Despite these promising results, questions remain for decision makers from funding agencies on how ES should be implemented. These include what studies have found in terms of diagnostic yields for ES in pregnancy, and how they compare with one another; how quickly results can be generated and the ensuing medical benefits of receiving results in pregnancy; whether clinicians value receipt of these results in the context of pregnancy; and whether families want this test to be available during pregnancy. Given the current increased associated costs of performing clinical ES within a limited timeframe, it is important that funders understand these outcomes to best incorporate this testing in their respective health-care systems.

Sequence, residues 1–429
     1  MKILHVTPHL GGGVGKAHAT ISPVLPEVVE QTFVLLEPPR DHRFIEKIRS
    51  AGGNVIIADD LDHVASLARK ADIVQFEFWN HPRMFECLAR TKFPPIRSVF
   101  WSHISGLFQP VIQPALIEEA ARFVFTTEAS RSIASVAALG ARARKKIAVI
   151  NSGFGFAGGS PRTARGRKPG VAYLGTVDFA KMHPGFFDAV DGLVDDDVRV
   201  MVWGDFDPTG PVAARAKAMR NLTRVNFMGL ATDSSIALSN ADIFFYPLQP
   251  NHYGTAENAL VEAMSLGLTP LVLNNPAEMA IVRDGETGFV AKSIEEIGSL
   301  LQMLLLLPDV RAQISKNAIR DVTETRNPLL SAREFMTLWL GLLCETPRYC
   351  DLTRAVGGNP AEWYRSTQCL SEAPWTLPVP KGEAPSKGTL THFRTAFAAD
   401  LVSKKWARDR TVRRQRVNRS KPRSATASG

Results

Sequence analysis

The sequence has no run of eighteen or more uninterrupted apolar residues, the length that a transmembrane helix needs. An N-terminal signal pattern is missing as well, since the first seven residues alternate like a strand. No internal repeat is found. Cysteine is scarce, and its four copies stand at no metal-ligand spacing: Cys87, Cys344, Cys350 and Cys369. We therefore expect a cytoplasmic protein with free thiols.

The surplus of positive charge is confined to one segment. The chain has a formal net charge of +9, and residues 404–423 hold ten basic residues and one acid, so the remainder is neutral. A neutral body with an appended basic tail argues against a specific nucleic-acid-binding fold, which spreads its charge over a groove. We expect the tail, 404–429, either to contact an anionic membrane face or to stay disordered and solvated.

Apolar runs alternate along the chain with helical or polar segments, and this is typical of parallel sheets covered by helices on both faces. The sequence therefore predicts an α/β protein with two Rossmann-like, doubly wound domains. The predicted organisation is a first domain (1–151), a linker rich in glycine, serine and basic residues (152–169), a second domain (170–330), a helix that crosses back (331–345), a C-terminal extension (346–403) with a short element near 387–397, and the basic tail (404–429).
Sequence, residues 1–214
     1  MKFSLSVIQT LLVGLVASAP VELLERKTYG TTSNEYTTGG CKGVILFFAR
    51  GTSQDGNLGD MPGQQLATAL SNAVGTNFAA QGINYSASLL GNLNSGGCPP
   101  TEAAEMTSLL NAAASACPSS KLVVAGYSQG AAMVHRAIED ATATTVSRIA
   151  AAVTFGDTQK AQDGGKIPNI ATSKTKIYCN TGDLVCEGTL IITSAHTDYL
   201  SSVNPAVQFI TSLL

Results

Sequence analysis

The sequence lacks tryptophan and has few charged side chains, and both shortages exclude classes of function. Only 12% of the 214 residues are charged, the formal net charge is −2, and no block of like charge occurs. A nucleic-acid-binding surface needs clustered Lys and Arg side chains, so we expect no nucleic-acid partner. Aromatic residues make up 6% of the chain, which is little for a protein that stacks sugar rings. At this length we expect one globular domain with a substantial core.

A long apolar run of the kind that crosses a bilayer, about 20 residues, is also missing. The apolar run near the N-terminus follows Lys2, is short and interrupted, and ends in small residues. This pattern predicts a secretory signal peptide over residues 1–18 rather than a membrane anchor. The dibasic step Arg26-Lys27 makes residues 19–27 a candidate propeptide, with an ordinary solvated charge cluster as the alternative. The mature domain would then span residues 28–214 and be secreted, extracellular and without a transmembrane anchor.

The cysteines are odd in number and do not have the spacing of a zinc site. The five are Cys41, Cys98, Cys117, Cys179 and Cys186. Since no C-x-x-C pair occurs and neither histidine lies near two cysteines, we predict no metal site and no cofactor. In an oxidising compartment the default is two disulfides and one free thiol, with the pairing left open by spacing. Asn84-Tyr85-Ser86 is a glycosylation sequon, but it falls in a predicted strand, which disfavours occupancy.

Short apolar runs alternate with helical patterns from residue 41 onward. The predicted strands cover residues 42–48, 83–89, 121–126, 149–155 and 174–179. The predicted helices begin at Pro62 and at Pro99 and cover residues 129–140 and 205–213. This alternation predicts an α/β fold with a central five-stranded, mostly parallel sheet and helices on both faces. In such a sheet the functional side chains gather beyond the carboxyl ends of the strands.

The objective of this systematic scoping review was to examine the question: What is known about the use of ES in prenatal cases with known or suspected genetic disease? A scoping review aims to map key concepts, types of evidence, and gaps in a defined area or field by systematically searching, selecting, and charting available evidence.7 They are ideal for emerging fields and often serve as a preliminary exercise to determine the value of undertaking subsequent studies based on identified evidence gaps. In this case, a scoping review methodology was used to inform guideline development in the province of Ontario for the public funding of ES in pregnancy. The work was undertaken in collaboration with Prenatal Screening Ontario (PSO), the coordinating body for prenatal screening services in the province. PSO is housed within the Better Outcomes Registry and Network (BORN) Ontario. BORN is Ontario’s prescribed registry and provincial perinatal database that collects information on pregnancy and newborn encounters with the health-care system, including laboratory results and birth outcomes (